Expanding on the themes of his 2005 novel, The Open Curtain—schizophrenia, violence, and religion—Brian Evenson’s book project Handbook for a Future Revolution explores the collision of Mormon ideas and ideals with European culture.

Daniel Jütte
Professor of History, New York University

This Rumbling Age: Locomotion and Shakeup in Europe, 1500-1800
In the first half of the sixteenth century, a new type of four-wheeled vehicle made its first appearance in Europe: the coach. In his book This Rumbling Age, Daniel Jütte traces the rise of vehicular traffic in Europe and how new modes of locomotion affected—and shook up—society, culture, and economic life.

Abhishek Kaicker
Associate Professor of History, University of California, Berkeley

The Colors of Life in Late Mughal Delhi: A Biography of Anand Ram Mukhlis
In this first full-length biography of scholar and bureaucrat Anand Ram Mukhlis (1699-1751), Abhishek Kaicker offers a study of Mughal intellectual life in a precolonial empire whose institutions of learning were vastly dissimilar to the European academy. Mukhlis’s work offers an understanding of the senses of self, life of the mind, and political engagements of an intellectual in a culture that would dissolve under British rule, while also providing an understanding of the changing cultural and political circumstances that led to the end of the Mughal Empire.

Ken Krimstein
Biographer and Graphic Novelist

Marching Toward Normal: A Nonfiction Graphic Narrative
In this semi-autobiographical graphic novel, Ken Krimstein returns to Deerfield, Illinois, the site of his bell-bottomed, trumpet-playing teen years. But just a few years before Krimstein’s adolescence, Deerfield was also the scene of egregious racial discrimination that somehow remained invisible to him and those around him. How could it be that a sordid tale involving the Ku Klux Klan, Martin Luther King, Jr., and the Supreme Court of the United States so quickly vanished from the town’s memory? Marching Toward Normal tells (and shows) a coming-of-age story about race, remembrance, and forgetting in twentieth-century America.

Isabela Mares
Arnold Wolfers Professor of Political Science, Yale University

Defending Parliament: Responses of Mainstream Parties to Legislative Erosion
In her study Defending Parliament, Isabela Mares asks what mainstream parties can do to preserve democracy when extremist parties achieve a sizeable presence in parliament. Drawing on cases from German and French history and on an analysis of legislative erosion in contemporary parliaments, the study examines the mix of strategies that all mainstream parties can deploy in defense of a well-functioning parliament. These include, among others, electoral reforms, changes to parliamentary immunity, and changes in parliamentary procedures.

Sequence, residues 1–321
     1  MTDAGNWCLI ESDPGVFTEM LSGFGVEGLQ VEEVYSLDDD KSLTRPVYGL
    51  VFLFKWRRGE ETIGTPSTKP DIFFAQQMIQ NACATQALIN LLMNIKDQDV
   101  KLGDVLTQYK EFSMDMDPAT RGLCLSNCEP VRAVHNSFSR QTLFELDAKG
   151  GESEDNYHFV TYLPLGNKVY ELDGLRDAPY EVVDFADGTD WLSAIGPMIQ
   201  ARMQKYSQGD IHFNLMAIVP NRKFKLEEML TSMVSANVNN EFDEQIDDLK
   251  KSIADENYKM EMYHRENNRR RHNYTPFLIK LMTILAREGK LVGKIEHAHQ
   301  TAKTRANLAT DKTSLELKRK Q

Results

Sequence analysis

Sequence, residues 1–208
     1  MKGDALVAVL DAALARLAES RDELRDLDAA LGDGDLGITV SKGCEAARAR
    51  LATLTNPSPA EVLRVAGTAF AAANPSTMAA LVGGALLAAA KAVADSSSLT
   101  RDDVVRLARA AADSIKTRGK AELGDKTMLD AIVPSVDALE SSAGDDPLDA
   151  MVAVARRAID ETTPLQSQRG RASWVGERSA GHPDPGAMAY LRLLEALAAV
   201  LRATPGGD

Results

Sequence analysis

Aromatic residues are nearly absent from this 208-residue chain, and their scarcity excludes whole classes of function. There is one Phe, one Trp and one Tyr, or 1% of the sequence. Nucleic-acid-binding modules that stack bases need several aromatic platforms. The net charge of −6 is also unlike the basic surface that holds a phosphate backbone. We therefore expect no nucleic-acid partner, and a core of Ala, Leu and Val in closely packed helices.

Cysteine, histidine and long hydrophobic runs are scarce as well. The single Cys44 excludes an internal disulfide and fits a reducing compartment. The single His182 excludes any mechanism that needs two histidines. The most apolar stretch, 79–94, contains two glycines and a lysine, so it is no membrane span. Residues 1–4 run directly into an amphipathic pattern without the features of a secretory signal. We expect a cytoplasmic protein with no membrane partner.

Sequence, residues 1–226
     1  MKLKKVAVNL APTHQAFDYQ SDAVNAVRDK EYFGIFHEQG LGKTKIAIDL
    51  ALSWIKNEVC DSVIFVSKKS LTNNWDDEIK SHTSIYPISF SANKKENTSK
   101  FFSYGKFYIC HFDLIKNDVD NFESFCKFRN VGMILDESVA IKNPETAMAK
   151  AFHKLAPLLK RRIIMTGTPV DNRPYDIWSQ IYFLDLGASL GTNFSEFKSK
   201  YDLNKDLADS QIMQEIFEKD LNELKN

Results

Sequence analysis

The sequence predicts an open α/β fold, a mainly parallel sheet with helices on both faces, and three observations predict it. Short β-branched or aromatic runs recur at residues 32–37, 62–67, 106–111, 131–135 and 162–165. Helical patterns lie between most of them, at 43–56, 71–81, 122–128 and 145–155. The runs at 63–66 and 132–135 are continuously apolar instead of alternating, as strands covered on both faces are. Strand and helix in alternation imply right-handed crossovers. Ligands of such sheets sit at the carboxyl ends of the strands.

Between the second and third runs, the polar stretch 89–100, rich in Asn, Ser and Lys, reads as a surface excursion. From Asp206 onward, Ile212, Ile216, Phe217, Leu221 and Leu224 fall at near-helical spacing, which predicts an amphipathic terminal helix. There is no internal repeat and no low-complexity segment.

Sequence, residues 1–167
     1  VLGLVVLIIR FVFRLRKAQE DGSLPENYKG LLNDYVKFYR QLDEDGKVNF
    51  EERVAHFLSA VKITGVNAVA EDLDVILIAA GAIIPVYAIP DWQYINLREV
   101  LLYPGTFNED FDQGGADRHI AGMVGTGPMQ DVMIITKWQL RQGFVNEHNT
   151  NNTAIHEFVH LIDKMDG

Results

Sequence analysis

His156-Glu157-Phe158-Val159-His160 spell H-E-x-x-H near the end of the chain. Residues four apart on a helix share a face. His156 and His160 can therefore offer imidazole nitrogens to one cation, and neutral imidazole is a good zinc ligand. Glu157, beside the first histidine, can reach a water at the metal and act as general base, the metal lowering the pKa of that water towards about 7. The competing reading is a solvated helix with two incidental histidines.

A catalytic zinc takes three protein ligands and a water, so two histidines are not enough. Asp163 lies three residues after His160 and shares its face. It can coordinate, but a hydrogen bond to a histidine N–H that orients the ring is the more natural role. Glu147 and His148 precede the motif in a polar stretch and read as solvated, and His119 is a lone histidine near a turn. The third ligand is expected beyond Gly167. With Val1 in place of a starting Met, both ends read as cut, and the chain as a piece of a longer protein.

Agnes Mueller
Professor of German and Comparative Literature, University of South Carolina

Holocaust Migration: The Future of Memory
In this project, Agnes Mueller explores new literature in which today’s young German-based Jewish writers negotiate German–Jewish identity in a country where Holocaust migration history is but one of a variety of migration stories that shape their self-understanding. She considers this aspect against the competing legacies of secular Judaism, post-Soviet heritage, new gender and race dynamics, and other marginalized cultures, especially Muslim identities.

Sianne Ngai
Andrew W. Mellon Professor of English and the College, University of Chicago

Inhabiting Error
This book of essays explores the risks of recreating and lingering in “wrong” ways of thinking. Through close readings of writers and artists such as Marx, Hegel, Montaigne, Adorno, Ryusuke Hamaguchi, Elfriede Jelinek, and Lauren Berlant, Sianne Ngai argues that error is something we must live out to truly understand its reach, even when knowingly or artistically reenacting error risks unconsciously repeating it.

Adam Shatz
US Editor, London Review of Books

Worlds They Have Not Told You Of: Adventures in Creative Music
In this sweeping chronicle of the post-war Black music avant-garde, Adam Shatz combines history, criticism, and biographical portraiture to trace the musical routes of sonic exploration and creative self-determination from bebop to free jazz to the present day.

Rochelle P. Walensky
Infectious Disease Physician Scientist, Former Director, Centers for Disease Control and Prevention; Fellow, Harvard University Business School, Kennedy School, T.H. Chan School of Public Health

Fighting Infectious Disease
Drawing upon her career as an infectious disease clinician, a decision-science researcher, hospital division head, and public-health leader, Rochelle P. Walensky comes to the Academy to complete a project about the public health and social/behavioral challenges posed by existing and emerging infectious diseases.

Pamela Z
Composer, Performer, and Media Artist

Arbeitsklang/WorkSound is a sound and performance piece that incorporates sampled work-related sounds with speech fragments from interviews with artists, food and factory workers, journalists, retailers, and educators in Berlin. Pamela Z’s finished piece will be both a fixed-media soundwork and a live, intermedia performance that includes vocal and instrumental sounds woven into the fabric of collaged speech fragments and work sounds.